“Design is so simple. That’s why it’s so complicated.” –Paul Rand

A George Nelson cabinet for Herman Miller, a Paul McCobb chair, and a Gilbert Watrous table lamp for Heifetz adorn another bedroom.
The clerestory windows were originally screens covered by sliding plywood panels that could be opened to allow in light and air.
Krisel was also known for his boldly modern approach to landscape. The Menrad residence, shown here, features a distinct geometric design. The architect, working in the harsh Palm Springs climate, relied on hardscape elements—setting a precedent for drought-tolerant landscape design.
Another work from Turnham. The show opens February 21 and is up through March 1. For more information, visit the Gallery Nucleus site.
Looks like @lightopia_ is as thrilled to be in California as we are.
Many of the homes presented in the book attempt to preserve the character of the original design, while adapting it to modern needs. Philip Johnson's Wiley house juxtaposes transparent public spaces with enclosed intimate areas.
modbox Midcentury Modern Mailbox, $320–$380 at the Dwell Store

This mailbox is inspired by mailboxes that were produced in the 1950s and 1960s. Designer Greg Kelly was frustrated at being able to find a mailbox to complement his newly renovated midcentury home and decided to design his own. Now, the colorful mailbox is available for midcentury lovers everywhere.
Architecture firm NADAAA planned a striated addition to a brick neo-Georgian house in Boston with the owners’ primary goal in mind: to engage with the outdoors year-round. The walls of the rear kitchen and living space are virtually all glass, allowing sight lines to the existing gardens and new pool house through a series of framed vignettes onto the backyard landscape. The glass box is bookended by uniform “fins” that mark the edge of each picture window, as shown here. Photo by John Horner.
An outdoor shower was the family’s first construction project. “Doing the shower made us realize we can build things the way we want to build them,” says Meg.
Jane and Benjamin Thompson collaborated to create Design Research (the Cambridge, Massachusetts, store is shown here) to bring modern design to the masses, one of the first shops in the U.S. to do so. Photo by Esto.
Assorted objects and posters from the Everything Design exhibit at Design Museum Zurich.
The Wedge is among the new cabin designs that will eventually be integrated into California State Parks.
Dramatic arches characterize this enigmatic California beach house that's elevated six feet above the sand to guard from major storms. Called the Vault House, it was designed by architecture firm Johnston Marklee. As principal Mark Lee explains: “The envelope was so strict that the design process was more subtractive than additive; we carved away a solid mass to create the rooms. We were reluctant to broadcast the content right away, preferring to mask the complexity and reveal it a little at a time.”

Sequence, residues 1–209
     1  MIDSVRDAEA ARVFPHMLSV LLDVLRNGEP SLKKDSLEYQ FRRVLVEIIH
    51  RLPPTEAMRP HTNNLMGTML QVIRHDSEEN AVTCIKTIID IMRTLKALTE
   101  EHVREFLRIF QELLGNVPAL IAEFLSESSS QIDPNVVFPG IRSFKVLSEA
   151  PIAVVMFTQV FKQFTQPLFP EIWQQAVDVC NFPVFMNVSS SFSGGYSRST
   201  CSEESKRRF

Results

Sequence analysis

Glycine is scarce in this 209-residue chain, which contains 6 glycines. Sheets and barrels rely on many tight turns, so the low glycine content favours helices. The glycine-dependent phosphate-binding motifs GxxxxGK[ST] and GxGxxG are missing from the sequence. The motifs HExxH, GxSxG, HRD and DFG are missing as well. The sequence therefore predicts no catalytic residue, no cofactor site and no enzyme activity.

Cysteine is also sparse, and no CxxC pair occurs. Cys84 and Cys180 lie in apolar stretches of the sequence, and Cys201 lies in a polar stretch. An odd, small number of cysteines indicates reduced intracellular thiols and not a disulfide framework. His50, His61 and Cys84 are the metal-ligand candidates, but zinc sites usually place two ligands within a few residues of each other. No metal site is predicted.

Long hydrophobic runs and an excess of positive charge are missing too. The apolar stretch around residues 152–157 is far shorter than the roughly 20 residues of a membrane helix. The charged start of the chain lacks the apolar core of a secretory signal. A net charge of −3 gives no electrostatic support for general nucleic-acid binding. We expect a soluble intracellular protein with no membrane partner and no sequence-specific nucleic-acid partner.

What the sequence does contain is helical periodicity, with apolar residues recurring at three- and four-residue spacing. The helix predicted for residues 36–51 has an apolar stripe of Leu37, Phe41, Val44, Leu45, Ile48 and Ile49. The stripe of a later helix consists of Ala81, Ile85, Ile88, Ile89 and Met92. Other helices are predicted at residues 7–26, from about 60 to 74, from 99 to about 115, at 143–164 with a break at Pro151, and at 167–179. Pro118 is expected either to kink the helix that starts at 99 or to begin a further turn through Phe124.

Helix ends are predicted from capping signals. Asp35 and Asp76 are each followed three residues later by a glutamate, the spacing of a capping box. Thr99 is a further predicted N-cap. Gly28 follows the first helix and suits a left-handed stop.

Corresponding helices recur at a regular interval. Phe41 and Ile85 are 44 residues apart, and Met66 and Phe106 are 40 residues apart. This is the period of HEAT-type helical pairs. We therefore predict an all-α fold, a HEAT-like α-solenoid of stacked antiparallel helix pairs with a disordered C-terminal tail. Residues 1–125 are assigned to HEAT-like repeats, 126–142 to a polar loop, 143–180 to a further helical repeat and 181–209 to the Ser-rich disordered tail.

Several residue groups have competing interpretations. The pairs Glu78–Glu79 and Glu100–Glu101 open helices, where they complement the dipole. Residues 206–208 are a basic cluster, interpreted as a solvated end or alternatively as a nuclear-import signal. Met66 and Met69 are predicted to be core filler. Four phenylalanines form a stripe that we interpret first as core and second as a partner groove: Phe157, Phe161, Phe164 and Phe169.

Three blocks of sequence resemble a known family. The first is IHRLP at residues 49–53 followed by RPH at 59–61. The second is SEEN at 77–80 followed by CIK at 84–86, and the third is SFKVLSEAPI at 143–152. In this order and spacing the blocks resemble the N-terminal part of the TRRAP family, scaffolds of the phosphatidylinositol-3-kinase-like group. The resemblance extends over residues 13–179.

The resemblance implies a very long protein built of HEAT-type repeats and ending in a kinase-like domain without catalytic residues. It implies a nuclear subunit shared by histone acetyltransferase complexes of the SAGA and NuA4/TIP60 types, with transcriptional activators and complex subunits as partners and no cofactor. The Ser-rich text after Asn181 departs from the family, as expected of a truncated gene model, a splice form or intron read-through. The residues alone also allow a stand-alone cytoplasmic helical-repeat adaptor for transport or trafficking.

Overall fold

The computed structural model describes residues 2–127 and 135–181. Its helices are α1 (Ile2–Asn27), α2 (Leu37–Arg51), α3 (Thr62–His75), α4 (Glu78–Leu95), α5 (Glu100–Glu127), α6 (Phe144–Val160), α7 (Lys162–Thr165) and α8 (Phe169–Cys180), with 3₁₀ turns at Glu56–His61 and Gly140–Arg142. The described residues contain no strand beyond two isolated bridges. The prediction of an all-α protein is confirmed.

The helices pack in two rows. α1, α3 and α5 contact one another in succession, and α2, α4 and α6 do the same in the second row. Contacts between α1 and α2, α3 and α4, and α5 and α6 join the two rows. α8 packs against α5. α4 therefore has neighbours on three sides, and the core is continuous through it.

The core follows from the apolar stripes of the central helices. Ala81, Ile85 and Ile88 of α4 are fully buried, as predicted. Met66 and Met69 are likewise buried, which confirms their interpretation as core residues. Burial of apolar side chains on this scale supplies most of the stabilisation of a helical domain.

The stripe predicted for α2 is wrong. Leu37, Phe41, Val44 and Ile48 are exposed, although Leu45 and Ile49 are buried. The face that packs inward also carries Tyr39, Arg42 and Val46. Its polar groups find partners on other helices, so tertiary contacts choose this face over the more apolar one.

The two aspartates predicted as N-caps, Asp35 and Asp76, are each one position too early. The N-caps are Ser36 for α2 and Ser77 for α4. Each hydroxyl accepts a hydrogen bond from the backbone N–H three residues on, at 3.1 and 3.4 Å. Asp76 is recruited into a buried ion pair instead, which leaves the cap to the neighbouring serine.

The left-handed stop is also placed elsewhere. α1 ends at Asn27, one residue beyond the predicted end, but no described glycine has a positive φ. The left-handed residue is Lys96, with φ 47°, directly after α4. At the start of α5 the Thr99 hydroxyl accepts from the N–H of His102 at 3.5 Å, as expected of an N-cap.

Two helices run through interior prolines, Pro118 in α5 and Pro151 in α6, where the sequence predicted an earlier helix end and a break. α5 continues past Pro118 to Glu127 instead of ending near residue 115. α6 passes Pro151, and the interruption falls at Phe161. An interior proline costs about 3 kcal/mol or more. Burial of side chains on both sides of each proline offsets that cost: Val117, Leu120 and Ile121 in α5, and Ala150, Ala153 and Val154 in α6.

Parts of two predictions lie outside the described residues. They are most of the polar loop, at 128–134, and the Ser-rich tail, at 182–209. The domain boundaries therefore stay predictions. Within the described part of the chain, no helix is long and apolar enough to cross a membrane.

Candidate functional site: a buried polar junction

Designer Robert Sweet designed this renovation of a mid-century bungalow in Marina del Rey, California.
100% California’s curated collection of furniture, jewelry, ceramics, and more, is definitely one of the most noticeable booths.
Design tomes, a salient message, mid-century ceramic.
The Bankers Clock, originally conceived for the Danish National Bank in 1971 by master architect and designer Arne Jacobsen, is here, faithfully reproduced by Rosendahl Copenhagen from Jacobsen’s original drawings. Cased in aluminum, and featuring precise Japanese Quartz Movement, this simple and elegant piece will bring timeless appeal to an interior.
Mid-Century Modern: Interiors, Furniture, Design Details.
Designed by Benjamin Cherner, the Cherner Lounge Arm Chair is defined by its inviting, curved shape that recalls the original 1958 Cherner chair designed by Benjamin’s father, Norman. The molded plywood shell, solid bentwood arm, and laminated wood base flow fluidly into one another, which gives the lounge chair an organic, calming sensibility.
Now considered an icon of midcentury design, the Ball Clock is a distinct departure from traditional clocks with faces enclosed in glass—alternatively, the Ball Clock is comprised of twelve brass spindles that end in solid hardwood spheres that mark the time, instead of a conventionally numbered face. The clock hands have clearly marked indicators, which is consistent with many of George Nelson’s other clock designs. 

This clock, along with other Vitra designs, is 15% off until October 22, 2015.